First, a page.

Applications, Benefits, and Risks of ChatGPT in Medical and Health Sciences Research: An Experimental Study
This article explored the potential applications, benefits, and risks of using ChatGPT in medical and health sciences research. The experimental study was performed with content analysis of the potential applications, benefits and risks of using ChatGPT in medical and health sciences research. This study shows many potential applications, benefits, and risks of using ChatGPT in medical and health sciences research. The average experts’ ChatGPT appropriateness and accuracy rates in the eight research themes were between 60% and 95%. This concludes that ChatGPT could help medical and health sciences researchers, especially new researchers, with caution in many aspects of research. The ChatGPT is still in the early phase of use by researchers worldwide, and its ability to help in research will be better soon. Attending training workshops about ChatGPT and AI is very important and highly recommended. The practice of ChatGPT in medical and health sciences research is important and recommended to explore the potential uses, benefits, risks and suggest recommendations for the best practice.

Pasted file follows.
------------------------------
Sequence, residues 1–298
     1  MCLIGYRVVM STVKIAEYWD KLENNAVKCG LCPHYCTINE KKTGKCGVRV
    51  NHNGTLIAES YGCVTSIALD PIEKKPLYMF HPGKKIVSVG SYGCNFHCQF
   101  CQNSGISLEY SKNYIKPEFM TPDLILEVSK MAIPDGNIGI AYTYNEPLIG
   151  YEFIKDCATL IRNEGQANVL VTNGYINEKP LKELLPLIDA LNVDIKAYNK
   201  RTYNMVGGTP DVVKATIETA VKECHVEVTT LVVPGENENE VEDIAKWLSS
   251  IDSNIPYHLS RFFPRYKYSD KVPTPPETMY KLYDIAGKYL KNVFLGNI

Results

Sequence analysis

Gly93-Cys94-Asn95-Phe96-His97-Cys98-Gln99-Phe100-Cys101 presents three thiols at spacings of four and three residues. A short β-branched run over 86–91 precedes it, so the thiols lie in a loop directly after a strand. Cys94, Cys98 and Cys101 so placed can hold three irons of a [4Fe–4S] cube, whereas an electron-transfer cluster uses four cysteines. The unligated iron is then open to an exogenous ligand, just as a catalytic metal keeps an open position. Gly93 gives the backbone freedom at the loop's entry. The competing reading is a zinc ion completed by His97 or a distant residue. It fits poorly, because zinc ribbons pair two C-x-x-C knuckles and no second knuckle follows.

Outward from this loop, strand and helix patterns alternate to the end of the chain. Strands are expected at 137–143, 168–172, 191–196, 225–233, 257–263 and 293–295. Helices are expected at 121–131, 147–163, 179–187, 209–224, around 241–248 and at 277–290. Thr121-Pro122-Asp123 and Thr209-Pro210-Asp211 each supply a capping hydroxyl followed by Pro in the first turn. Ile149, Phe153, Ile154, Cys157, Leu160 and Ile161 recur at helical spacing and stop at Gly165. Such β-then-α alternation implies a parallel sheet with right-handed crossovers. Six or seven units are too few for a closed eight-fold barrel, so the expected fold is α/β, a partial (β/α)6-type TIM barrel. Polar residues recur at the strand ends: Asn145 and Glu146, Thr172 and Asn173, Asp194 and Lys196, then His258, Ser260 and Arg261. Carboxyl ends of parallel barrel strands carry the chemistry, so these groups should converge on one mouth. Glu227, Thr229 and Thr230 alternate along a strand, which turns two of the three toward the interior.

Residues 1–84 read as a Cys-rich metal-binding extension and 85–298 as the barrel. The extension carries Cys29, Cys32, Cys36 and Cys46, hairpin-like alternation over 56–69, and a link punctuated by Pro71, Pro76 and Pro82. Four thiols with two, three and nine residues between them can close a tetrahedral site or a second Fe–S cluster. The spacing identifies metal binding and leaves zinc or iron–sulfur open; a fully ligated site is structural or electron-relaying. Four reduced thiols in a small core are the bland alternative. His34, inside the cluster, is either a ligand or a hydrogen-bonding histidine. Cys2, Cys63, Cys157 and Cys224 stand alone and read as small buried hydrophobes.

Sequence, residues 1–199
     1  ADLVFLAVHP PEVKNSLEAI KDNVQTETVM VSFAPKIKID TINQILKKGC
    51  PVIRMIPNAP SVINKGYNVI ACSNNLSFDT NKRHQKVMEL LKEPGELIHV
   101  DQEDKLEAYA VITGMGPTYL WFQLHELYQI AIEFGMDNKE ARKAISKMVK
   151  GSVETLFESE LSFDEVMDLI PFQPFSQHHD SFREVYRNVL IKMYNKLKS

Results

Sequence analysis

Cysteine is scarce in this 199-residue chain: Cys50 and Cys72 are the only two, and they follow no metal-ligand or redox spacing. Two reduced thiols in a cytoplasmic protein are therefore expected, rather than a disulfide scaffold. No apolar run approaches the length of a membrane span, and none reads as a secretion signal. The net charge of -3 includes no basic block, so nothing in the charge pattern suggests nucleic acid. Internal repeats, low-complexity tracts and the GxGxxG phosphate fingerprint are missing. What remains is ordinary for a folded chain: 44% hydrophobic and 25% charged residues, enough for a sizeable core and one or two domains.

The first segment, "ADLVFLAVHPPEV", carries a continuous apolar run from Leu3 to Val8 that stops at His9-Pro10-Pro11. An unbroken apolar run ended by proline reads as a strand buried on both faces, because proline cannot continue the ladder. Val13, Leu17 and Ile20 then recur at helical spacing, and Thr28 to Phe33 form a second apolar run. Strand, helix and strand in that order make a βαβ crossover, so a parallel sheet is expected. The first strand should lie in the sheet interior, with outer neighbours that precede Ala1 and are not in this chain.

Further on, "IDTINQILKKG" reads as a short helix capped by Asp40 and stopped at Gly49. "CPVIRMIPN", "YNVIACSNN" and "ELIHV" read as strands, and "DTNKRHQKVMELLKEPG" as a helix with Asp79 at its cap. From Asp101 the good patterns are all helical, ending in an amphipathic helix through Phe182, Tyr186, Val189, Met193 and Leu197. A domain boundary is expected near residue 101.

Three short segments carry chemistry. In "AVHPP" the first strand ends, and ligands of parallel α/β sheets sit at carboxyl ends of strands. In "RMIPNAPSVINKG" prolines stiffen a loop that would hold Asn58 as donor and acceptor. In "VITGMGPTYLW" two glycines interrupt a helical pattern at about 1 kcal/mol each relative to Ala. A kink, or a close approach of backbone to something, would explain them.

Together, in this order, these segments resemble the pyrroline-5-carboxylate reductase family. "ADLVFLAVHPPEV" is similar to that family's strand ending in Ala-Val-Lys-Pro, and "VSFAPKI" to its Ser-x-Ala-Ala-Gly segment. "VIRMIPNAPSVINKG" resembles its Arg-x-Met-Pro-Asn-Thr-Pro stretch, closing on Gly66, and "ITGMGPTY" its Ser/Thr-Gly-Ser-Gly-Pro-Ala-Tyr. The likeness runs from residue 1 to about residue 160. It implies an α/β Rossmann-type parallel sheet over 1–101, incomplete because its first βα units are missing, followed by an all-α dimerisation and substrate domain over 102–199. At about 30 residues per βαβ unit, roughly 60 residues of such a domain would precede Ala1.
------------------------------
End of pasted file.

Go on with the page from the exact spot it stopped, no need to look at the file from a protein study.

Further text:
Copyright (c) 2023 Yaser Mohammed Al-Worafi, Andi Hermansyah, Ching Siang Tan, Chee-Yan Choo, Abdelhakim Bouyahya, Ganesh Sritheran Paneerselvam, Kai Bin Liew, Khang Wen Goh, Long Chiau Ming
This work is licensed under a Creative Commons Attribution-NonCommercial 4.0 International License.
Author(s) shall retain the copyright of their work and grant the Journal/Publisher right for the first publication with the work simultaneously licensed under:
Creative Commons Attribution-NonCommercial 4.0 International (CC BY-NC 4.0). This license allows for the copying, distribution and transmission of the work, provided the correct attribution of the original creator is stated. Adaptation and remixing are also permitted.
This broad license intends to facilitate free access to, as well as the unrestricted reuse of, original works of all types for non-commercial purposes.
The author(s) permits HH Publisher to publish this article that has not been submitted elsewhere.